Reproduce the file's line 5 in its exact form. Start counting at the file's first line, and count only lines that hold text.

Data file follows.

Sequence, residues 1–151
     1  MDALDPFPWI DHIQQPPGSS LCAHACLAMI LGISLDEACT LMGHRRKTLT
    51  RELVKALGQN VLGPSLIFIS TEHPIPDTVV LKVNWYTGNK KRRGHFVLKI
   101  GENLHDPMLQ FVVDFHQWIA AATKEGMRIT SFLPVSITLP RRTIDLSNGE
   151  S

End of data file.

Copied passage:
   151  S